Production of LIFEBLOOD was funded by a National Geographic All Roads Seed Grant and footage was featured at TED Global last year (both of which were huge!) but we now need to ask for your help to cover the post-production expenses necessary to finish this incredible film.
The Nile. Running through 11 countries for over 4,130 miles, it is our planet's longest river. Its endpoint in Egypt was once considered the center of the world, and throughout history, empires have continually divided the region in order to plunder its wealth. While the region is home to over 200 million people who could understand, share, and admire each other's cultures along the mighty Nile, the fact is, they don’t. Cultural curiosity depends upon culture being shared, yet between Nile countries, next to no culture is being shared -- at least that the Nile people realize.
Music is one of the most inspirational forces of cultural exchange. The inspiration for LIFEBLOOD came from The Nile Project, which aims to curate cross-cultural collaborations among musicians from the Nile region, fostering cultural connections among the people living along the river to help tackle their water-based environmental challenges. The Nile Project gathered these musicians together, performing in the biggest and most influential cities along the river, and plans to tour the United States and Europe to share their stories with the world.
Shot in cinema verité style, LIFEBLOOD is a 26-minute film chronicling the stories of these great East African musicians from Egypt, Ethiopia, Kenya, Tanzania and Uganda who yearn to create cultural dialogue with their Nile brethren. The short blends interviews of musicians, scenes of family and friends, and live performances while introducing viewers to the beautiful, poetic and historic spectacle that is the Nile. By uniquely reflecting the people and sharing their cultures, our hope is that LIFEBLOOD will allow the people of the Nile to realize the power of the cultural connections they share rather than the borders that divide them.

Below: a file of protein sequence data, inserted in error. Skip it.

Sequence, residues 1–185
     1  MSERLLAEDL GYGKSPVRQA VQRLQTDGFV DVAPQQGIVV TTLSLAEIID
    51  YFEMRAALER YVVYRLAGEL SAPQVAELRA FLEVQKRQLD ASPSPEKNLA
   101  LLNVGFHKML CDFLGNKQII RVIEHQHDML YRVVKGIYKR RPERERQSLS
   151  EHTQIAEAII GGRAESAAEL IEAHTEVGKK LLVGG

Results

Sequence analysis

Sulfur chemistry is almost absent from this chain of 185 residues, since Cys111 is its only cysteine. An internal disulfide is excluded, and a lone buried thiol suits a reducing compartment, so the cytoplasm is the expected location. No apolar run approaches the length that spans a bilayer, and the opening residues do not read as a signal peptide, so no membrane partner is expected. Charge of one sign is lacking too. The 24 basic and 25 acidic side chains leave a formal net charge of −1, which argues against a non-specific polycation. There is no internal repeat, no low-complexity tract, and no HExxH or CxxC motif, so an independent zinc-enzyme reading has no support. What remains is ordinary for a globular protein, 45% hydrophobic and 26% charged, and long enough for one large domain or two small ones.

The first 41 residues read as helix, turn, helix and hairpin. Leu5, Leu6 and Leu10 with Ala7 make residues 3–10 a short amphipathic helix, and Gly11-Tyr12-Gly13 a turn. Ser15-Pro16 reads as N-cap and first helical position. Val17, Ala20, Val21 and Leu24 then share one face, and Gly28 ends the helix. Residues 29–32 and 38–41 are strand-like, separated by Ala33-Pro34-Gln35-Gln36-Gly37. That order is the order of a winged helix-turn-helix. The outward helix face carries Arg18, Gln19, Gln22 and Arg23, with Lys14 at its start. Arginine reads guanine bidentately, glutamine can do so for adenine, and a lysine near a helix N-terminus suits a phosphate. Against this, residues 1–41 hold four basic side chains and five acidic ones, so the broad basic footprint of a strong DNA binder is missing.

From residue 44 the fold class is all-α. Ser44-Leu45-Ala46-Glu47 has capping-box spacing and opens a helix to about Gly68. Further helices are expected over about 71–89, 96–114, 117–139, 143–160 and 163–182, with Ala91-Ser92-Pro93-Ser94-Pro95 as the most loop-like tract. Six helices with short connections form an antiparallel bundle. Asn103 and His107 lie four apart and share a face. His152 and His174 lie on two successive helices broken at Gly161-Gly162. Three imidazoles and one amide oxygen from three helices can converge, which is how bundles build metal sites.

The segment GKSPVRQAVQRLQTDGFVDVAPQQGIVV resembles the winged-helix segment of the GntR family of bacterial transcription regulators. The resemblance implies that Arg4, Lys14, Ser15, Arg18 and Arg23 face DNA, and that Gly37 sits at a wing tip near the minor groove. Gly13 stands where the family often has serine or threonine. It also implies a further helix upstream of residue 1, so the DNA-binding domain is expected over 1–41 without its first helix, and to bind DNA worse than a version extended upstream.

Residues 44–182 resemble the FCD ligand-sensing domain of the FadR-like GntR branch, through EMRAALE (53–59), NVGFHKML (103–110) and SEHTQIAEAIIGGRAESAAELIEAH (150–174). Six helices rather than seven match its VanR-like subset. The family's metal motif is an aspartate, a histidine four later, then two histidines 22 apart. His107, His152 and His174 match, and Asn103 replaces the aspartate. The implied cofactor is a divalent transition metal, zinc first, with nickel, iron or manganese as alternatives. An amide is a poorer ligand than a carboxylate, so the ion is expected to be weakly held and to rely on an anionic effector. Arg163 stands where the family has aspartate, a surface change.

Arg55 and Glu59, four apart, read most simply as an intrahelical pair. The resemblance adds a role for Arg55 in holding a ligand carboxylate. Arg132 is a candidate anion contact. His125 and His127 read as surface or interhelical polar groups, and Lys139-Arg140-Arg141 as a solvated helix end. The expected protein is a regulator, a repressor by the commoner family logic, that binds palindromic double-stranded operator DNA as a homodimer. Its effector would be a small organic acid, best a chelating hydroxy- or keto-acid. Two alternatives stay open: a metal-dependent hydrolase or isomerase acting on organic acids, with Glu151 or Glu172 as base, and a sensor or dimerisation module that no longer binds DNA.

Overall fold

It was an ambitious plan and we nailed it.
Over five weeks we collected footage of fabulously talented undiscovered musicians, spectacular landscapes and wisdom about a part of the world that's as old as time.
How These Funds Will Be Used
We're so close to being able to finish this film. We have AMAZING footage. We just need the funds to finish it. Thanks to the National Geographic All Roads Seed Grant, we were able to travel to Egypt, Ethiopia, Kenya, Tanzania and Uganda to shoot the film. That's a big deal and we thank National Geographic profusely for their support. However, their funds were just barely enough to cover production leaving us with nothing for post-production.
Post-production expenses include paying for:
- an editor
- a sound mixer
- a colorist
- a motion designer
I believe in platforms that allow me to directly communicate and share films with the fans of my work and I want to use them all every chance I get. Kickstarter is often the first of these platforms but there are others including Vimeo and VHX and TUGG. Then there's the opportunity to personally host screenings of films so that I can meet all of you face to face. To me, all of this is the future of independent filmmaking and it's a very good future. I want to use every opportunity to connect with more of you every step of the way and Kickstarter is step one.
So Who Are We?
Nick Fitzhugh (photo)
I began my career as a student at Brown University (BFA ‘02) by starting Glimpse (glimpse.org), a nonprofit multimedia platform for young people living and studying abroad to share stories about personal cultural experiences abroad. Seven years later the company was acquired by the National Geographic Society. I continued to run what became National Geographic Glimpse with Glimpse co-founder Kerala Taylor for three years. In 2010, I started redfitz (redfitz.com) “human stories for a small world”, and turned my full-time attention to directing, producing, writing and shooting short films, music videos, series and features. My first film, SOCCER CITY (soccer-city.tv), the documentary series and featurette about life and soccer in the largest and most notorious township in South Africa during the first ever World Cup to be held in Africa, was picked up by the National Geographic Channel International, ESPN Classic, and SuperSport and is also available on iTunes and Amazon. In addition to two short films currently in post-production and numerous additional projects in development, my first feature film, STARBOARD LIGHT (thestarboardlight.com)––a film funded by a successful Kickstarter campaign about a year ago––is due out in mid 2013.